Paulo Coelho

The Coming of Age of a Brazilian Phenomenon


HEN I FIRST READ about Paulo Coelho’s confirmation as the newest member of the prestigious Academia Brasileira de Letras (ABL), I immediately contacted him, first to congratulate him for the outstanding achievement, and then to extend an invitation to do a short interview for WLT, which he graciously accepted. For me in particular, it was a great pleasure to hear about his confirmation, mainly because I had received some severe criticism from more conservative critics for including his work The Alchemist in a recent top-ten list of Brazilian novels for the past twenty years (see WLT 75:3–4, pp. 89–91). Some of his answers—transcribed in the interview below, which I have translated—will address this issue of prejudice with his own personal insight.

PAULO COELHO (b. 1947, Rio de Janeiro) is not only one of the most widely read but also most influential writers in the world today, not only in my opinion but also in the opinion of numerous prize juries—in Germany, Italy, Poland, France, Spain, Ireland, Brazil, and Yugoslavia—that have honored Coelho with over a dozen international awards over the past several years. Why is it then that some critics opposed his election to the Academy or the selection of his works as some of the best examples of contemporary Brazilian literature? I suspect that some of these critics simply disparage Coelho’s narrative simplicity—a very powerful technique that he has continually mastered over the years. The Alchemist, for example, employs a fablelike language that has won the author recognition around the globe. He seldom uses complex allegories, metaphors, or idioms. All his work is simple, and, as I wrote in my previous essay, his style captures not only the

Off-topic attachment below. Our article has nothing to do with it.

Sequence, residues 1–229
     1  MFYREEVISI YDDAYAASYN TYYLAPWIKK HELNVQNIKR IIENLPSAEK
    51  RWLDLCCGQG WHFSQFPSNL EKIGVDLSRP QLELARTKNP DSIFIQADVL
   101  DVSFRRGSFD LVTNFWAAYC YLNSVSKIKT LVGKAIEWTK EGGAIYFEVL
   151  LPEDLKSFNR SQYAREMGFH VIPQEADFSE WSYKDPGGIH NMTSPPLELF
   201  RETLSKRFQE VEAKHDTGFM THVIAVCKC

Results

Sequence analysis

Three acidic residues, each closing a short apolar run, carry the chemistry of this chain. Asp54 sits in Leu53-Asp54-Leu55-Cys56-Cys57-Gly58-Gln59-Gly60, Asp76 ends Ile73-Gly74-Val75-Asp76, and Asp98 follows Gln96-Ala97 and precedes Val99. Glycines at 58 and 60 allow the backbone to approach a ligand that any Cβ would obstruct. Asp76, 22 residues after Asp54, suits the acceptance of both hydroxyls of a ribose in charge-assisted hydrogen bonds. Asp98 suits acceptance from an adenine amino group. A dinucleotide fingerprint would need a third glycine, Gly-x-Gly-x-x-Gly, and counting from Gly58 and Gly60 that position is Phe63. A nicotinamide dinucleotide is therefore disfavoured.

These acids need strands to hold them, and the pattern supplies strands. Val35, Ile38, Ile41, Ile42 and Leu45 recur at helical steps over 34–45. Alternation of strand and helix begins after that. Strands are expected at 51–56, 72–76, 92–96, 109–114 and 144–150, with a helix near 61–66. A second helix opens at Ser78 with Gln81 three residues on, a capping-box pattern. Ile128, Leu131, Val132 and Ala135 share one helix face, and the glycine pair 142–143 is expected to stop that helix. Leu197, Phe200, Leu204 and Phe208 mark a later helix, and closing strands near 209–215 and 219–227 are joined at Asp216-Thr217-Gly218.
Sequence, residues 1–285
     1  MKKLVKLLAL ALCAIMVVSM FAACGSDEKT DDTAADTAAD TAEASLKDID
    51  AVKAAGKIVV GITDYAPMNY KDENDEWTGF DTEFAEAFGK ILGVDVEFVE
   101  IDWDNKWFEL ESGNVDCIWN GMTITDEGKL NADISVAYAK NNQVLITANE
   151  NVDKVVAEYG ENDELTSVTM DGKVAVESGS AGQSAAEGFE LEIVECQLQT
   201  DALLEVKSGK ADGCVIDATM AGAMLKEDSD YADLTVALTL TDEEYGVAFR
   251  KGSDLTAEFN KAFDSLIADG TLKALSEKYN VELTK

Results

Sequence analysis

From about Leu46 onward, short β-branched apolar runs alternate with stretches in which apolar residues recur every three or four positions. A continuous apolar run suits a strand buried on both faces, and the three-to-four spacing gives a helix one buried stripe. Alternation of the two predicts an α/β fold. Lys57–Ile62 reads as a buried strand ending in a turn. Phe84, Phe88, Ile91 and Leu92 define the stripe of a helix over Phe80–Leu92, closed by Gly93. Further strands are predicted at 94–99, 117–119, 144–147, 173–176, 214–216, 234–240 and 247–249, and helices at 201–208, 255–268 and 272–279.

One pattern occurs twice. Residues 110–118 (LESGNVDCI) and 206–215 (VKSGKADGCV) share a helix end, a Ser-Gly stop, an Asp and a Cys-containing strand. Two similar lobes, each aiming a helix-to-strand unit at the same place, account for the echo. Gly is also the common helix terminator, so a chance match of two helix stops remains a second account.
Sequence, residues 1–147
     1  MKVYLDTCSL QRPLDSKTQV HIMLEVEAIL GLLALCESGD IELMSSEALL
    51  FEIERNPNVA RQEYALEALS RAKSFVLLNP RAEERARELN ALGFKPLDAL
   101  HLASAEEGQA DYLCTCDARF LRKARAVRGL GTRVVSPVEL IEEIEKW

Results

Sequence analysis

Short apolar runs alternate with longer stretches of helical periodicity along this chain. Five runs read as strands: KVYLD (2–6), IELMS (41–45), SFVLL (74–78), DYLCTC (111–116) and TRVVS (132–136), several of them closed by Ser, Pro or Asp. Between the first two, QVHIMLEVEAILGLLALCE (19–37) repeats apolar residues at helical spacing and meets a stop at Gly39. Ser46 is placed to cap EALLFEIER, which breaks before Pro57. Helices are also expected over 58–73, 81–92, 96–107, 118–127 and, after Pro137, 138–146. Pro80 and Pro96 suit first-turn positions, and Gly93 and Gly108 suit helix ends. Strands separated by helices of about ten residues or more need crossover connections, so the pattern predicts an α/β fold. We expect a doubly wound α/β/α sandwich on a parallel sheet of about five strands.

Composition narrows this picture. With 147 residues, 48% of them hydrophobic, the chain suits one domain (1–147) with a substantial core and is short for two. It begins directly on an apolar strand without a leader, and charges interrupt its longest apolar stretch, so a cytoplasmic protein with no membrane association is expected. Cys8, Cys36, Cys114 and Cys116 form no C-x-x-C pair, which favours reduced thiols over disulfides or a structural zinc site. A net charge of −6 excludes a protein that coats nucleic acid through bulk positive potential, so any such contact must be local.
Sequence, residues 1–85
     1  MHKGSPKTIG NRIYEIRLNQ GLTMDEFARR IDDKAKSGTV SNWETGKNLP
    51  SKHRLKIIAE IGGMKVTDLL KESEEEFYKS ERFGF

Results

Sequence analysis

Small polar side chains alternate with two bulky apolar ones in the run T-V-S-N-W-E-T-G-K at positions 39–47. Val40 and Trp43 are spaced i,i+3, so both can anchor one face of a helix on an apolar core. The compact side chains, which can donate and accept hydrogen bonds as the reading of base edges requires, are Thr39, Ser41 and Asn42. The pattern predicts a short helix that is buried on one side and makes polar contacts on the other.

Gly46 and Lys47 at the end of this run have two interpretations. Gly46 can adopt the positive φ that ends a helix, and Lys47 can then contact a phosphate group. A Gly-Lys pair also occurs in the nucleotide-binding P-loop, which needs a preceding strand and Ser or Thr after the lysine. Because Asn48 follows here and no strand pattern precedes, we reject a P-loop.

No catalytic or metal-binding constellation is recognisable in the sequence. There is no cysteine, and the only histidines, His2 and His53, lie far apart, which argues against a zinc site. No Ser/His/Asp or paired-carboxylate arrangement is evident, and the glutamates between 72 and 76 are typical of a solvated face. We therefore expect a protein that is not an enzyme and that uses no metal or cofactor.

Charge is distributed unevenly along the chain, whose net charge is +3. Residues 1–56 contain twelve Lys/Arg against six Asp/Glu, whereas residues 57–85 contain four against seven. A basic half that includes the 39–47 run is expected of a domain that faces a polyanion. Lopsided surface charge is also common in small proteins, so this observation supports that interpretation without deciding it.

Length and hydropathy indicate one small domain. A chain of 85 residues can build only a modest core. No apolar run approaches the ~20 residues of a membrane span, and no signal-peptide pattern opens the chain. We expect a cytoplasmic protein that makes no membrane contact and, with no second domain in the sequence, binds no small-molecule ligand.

imagination but also the hearts of his readers. His message is also very simple and millennial: happiness lies in finding ourselves. Simply put, Paulo Coelho is an author in search of himself, a trait that epitomizes his literary truth. This Brazilian phenomenon, as he has come to be known, has been very consistent not only in his personal quest but also in becoming one of the most important writers of our time—perhaps to his own mother’s amazement, since she always discouraged him from taking up a profession that often offers very meager financial remuneration in countries like Brazil. It seems the more he writes, the more he earns the acclaim of important critics, like Umberto Eco, and of an everincreasing number of readers around the world. To date, some 43 million copies of his books have been sold in 150 countries and in 56 languages, according to information found on his Web site. That places Coelho as the second most-read contemporary author, based on a poll taken by the French magazine Lire in 1999. The body of his work consists of thirteen books (nine novels, three short-story collections, and two adaptations); the following titles, all published by HarperCollins, have been translated into English:
The Pilgrimage: A Contemporary Quest for Ancient Wisdom (1987, Eng. 1992) The Alchemist (1988, Eng. 1993) The Valkyries: An Encounter with Angels (1992, Eng. 1995) By the River Piedra I Sat Down and Wept (1994, Eng. 1996) The Fifth Mountain (1996, Eng. 1998) Warrior of the Light: A Manual (1997, Eng. 2003) Veronika Decides to Die (1998, Eng. 1999) The Devil and Miss Prym (2000, Eng. 2001)




Courtesy: HarperCollins